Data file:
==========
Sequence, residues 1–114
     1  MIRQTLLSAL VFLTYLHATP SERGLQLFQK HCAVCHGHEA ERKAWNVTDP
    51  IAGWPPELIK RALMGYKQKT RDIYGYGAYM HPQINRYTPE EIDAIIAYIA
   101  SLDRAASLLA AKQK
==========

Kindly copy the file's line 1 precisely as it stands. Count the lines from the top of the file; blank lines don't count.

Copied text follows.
Sequence, residues 1–114